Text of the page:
Interesting report. The only issue I see with the whole brand visibility issue is that it doesn't necessarily provide any details on how much this effects the real bottom line - ROI.

Whilst I think all businesses need to make sure that they maintain a high level of search engine visibility, will it really make all that much difference to, say Walt Disney who were 43 out of the 50 super brands? They could spend millions on developing expensive PPC campaigns and improving SEO, but will that generate sufficient brabd interest.

What you say about letting in competitors though is very important. Clearly, the more competitive your market, the better placed you need to be. But the onus is more firmly placed on those who are actively selling, rather than those who are simply promoting.

Within the superbrands list I note that there are businesses like Jaguar, Colman's and Fairy. Whilst I think it is important for these brands to have a web presence, they aren't actually going to be selling much directly. Therefore, is it that important that they are visible everywhere? In fact, it is probably more beneficial to Cloman's and Fairy if a store like tesco is featured prominently.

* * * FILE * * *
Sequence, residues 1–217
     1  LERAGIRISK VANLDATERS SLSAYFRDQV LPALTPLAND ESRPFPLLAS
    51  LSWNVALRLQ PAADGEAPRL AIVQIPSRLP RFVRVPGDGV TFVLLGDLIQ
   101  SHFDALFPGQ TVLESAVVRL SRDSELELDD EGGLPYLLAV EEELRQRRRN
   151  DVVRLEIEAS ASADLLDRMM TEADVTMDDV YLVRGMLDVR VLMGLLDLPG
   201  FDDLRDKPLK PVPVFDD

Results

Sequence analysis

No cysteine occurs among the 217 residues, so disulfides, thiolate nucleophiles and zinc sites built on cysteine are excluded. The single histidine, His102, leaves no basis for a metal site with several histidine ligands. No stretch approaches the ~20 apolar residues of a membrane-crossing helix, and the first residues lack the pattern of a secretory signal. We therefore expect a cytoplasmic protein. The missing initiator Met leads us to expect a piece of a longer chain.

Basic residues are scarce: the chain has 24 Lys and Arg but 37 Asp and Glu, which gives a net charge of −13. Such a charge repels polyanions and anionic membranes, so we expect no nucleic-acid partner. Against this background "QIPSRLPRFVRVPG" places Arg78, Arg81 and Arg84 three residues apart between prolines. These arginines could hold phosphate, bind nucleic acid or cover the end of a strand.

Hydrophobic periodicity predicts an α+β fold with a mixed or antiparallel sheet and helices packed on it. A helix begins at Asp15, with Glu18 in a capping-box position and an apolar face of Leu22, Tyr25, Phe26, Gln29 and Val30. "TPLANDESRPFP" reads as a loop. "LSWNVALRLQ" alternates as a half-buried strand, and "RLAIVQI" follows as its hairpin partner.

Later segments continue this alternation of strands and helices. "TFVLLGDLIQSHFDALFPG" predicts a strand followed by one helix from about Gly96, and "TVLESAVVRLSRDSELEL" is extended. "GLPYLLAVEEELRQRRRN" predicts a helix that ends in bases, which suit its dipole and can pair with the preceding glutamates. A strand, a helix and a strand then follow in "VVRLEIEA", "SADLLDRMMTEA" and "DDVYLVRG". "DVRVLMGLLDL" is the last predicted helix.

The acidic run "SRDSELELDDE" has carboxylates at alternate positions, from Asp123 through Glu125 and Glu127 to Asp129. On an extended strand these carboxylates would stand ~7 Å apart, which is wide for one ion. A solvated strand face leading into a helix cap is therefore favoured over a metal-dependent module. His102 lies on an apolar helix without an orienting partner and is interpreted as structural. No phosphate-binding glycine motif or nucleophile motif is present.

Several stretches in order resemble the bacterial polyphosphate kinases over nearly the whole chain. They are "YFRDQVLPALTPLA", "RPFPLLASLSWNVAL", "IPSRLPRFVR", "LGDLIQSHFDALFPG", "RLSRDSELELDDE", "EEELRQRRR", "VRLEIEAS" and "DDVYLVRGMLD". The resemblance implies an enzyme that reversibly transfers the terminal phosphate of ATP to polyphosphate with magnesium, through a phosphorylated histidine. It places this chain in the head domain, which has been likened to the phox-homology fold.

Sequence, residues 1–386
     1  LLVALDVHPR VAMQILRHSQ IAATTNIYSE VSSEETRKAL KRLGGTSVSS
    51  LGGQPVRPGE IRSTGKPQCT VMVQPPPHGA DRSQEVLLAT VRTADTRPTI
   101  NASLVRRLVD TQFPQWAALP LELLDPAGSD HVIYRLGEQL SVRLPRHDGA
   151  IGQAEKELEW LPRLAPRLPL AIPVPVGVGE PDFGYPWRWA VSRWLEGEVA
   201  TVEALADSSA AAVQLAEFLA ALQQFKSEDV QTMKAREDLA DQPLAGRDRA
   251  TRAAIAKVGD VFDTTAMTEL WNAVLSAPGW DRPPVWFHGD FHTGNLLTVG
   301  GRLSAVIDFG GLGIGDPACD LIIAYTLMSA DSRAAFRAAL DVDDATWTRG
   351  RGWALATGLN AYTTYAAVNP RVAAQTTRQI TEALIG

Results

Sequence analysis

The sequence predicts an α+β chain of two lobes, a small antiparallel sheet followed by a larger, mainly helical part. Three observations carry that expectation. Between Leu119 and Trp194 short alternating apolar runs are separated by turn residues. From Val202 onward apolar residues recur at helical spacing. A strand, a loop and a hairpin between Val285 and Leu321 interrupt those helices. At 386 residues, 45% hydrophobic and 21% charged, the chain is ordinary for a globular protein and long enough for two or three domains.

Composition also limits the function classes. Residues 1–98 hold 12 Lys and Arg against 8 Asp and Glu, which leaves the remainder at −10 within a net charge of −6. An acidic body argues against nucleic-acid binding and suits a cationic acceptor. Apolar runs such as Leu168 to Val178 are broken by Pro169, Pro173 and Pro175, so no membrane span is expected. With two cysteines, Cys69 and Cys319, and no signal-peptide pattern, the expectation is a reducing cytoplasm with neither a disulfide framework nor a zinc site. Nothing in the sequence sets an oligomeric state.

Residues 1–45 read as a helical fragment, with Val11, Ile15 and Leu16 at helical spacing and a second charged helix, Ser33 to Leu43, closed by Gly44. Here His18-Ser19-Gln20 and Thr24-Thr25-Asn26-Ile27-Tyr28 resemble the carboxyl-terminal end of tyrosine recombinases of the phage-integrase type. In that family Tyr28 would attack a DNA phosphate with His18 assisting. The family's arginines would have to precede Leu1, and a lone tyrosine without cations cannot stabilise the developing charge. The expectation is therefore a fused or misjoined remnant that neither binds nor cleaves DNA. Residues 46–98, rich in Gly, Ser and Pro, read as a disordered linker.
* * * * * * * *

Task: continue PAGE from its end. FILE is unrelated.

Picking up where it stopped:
The Top 10, barring Google and the BBC, are all in highly competitive markets and all their sites feature stores within their main site. This makes promoting their brand all the more important, which is why they are clearly investing more than most in improving search visibility.By gaining online search traffic, they can see a clear ROI.

Anyway that's my two cents. A very interesting read as always.

over 8 years ago

Shane Quigley

Shane Quigley, Co-Founder at Epiphany